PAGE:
Tottenham is new king of north London

BY foxsports • October 3, 2011

The last time Tottenham won the League title, many of you were not even born. It was 50 years ago last May, when a Bill Nicholson-inspired ‘push and run’ team lifted the famous Football League Division One trophy and the FA Cup. It was the first time the ‘double’ had been achieved in the 20th century.

That was the golden age of Spurs and the era when they officially owned North London.

There was no question where the balance of power resided - it was White Hart Lane, N17.

Ten years later in 1971, Arsenal famously repeated that ‘double’ feat, beating Liverpool in the FA Cup Final at Wembley and ironically Tottenham at the Lane to clinch the title. The balance of power moved to Highbury N5 where it has pretty much remained for the last 40 years.

As the final whistle sounded in N17 on Sunday it is now obvious to this observer that the subtle shift that has been occurring over the last few seasons is now complete.

Power is now back with the Lilywhites, it’s theirs to lose and judging from their performances this season, they won't hand it back lightly.

Arsenal supporters will not concede that fact until next May and rightfully point to the fact that they have bested their rivals in the league every year since 1995.

That is certainly a pertinent point and quite possibly the only thing Arsenal can cling to over the next seven months or at least until February 25th 2012.

That’s the date of the next derby, which in my view is becoming England’s, if not the world’s, El Classico in terms of entertainment value. The last nine matches have produced an astonishing 39 goals and in Tottenham’s case, goals of staggering quality.

Kyle Walker celebrates with Luka Modric and Emmanuel Adebayor. (Photo by Julian Finney/Getty Images)

In fact if we measured up some of the strikes they’d cover the distance between the two teams' stadia. David Bentley, Danny Rose, Tom Huddlestone and now, Kyle Walker all have bludgeoned the ball home from miles away over the last few seasons.

It’s almost as though Spurs have nicknamed Arsenal ‘yum yum’ such is their ease in scoring from distance.

Whether Tottenham can reproduce this form on a consistent basis is still debatable though. On the two occasions this season that they were asked questions, they had their trousers well and truly pulled down by both Manchester clubs. United and City exposed a gulf in class that Sunday’s victory has only partially covered up.

For Arsenal, it was yet another disappointing result in a season that continues to unravel before my disbelieving eyes. However, the sages love to say the table never lies, so I guess 15th place is where the Gunners deserve to be.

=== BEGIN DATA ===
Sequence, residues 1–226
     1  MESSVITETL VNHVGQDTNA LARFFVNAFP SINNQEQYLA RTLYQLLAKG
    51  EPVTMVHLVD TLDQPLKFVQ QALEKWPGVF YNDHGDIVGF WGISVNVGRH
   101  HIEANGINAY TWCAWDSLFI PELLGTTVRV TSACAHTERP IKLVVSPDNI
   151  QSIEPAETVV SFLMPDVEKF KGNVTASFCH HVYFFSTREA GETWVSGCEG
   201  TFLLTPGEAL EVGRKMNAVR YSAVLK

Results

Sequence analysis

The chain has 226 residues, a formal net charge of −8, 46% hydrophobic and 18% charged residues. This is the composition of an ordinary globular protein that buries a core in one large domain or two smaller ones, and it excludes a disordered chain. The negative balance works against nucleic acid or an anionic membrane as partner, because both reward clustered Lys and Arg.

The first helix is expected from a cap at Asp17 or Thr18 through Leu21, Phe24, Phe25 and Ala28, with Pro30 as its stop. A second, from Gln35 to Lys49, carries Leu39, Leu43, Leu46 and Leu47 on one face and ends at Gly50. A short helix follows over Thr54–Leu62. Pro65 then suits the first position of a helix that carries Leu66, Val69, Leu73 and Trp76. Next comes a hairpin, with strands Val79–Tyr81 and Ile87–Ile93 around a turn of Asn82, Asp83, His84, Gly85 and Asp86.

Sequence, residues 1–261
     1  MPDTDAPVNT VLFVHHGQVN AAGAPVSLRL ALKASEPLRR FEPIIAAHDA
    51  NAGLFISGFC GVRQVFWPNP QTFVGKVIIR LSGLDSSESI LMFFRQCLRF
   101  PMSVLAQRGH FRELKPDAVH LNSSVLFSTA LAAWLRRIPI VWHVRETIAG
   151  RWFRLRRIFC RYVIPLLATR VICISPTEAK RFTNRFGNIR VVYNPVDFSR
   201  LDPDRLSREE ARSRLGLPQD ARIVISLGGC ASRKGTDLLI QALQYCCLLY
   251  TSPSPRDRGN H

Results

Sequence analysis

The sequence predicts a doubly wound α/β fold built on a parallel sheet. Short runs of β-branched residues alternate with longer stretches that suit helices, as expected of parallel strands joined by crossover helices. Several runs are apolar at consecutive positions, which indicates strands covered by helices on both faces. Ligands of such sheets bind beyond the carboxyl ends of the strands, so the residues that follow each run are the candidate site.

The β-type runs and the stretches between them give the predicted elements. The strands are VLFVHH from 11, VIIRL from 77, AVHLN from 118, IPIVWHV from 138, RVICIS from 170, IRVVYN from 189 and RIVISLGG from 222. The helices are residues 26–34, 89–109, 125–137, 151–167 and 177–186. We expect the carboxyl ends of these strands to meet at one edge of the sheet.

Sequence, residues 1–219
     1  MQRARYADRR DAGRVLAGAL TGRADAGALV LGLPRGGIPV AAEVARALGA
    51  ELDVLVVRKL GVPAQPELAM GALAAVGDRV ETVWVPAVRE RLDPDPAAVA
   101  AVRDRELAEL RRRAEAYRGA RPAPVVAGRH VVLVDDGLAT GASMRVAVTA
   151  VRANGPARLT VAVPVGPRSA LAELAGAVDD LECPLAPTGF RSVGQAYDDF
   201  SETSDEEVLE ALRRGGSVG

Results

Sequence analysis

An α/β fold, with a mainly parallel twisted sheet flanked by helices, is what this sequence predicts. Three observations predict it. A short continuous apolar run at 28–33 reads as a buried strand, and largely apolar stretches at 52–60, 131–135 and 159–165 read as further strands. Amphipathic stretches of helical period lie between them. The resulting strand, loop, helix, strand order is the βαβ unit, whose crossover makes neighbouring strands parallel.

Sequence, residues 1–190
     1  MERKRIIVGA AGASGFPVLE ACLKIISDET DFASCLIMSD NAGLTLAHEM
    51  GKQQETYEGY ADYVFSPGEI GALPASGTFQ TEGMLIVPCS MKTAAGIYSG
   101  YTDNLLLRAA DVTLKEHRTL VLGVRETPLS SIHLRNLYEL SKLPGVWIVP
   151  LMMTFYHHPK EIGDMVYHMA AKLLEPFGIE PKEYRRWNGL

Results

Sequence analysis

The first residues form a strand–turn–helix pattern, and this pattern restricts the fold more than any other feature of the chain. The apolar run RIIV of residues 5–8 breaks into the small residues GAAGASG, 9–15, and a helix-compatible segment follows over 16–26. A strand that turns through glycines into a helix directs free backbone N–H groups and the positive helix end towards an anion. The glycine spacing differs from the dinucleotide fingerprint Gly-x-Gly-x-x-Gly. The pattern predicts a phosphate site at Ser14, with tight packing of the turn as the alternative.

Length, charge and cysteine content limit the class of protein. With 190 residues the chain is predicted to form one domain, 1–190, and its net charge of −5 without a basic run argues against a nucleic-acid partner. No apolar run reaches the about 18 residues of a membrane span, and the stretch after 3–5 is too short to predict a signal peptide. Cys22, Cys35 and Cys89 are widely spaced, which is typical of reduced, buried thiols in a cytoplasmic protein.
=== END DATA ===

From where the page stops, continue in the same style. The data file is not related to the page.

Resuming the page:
With Arsene Wenger in an uncharacteristically defeatist mood, it now looks increasingly like the Gunners have only cup competitions to concentrate on. Yes, Gooners, the treble is still up for grabs but I think we all know the Uefa Champions League is a pipe dream, while the Carling and FA Cups are so dependent on favorable draws that another empty-handed season is not a possibility but highly probable.

But enough of football talk and shifts in power, there was one aspect of the north London derby that was deeply disturbing to this viewer and that was the chants from both sets of supporters.

While Tottenham fans should be commended for the atmospheric 'when the Spurs go marching in' that swirls around the ground in goose-pimpling waves they have got to be hammered for the highly objectionable 'sit down you paedophile’ directed at Wenger.

For Arsenal fans to respond with chants of ‘it should’ve been you, it should’ve been you’ to Emmanuel Adebayor in reference to the Togo team who had three people murdered on a bus at last year's African Nations Cup is disgraceful.

Derbies should be feisty, heated and passionate but some supporters take it to a level that almost defies description. Redknapp was rightly incensed, saying: "How do you chant something like that? You can't be right, mentally. There's kids up there.

"How do you bring kids up to sing songs about the Busby Babes [and the Munich air disaster]?

"What's that kid going to become? I dread to think. I don't know what you can do but you can do something to the parents of those kids. It's disgusting. It's got no place in life."

Well said, Harry!

In summary the shift in power is real and must be accepted. The abusive chants are also real but they must be rejected. Tottenham versus Arsenal is becoming the ‘must see’ derby in world football.

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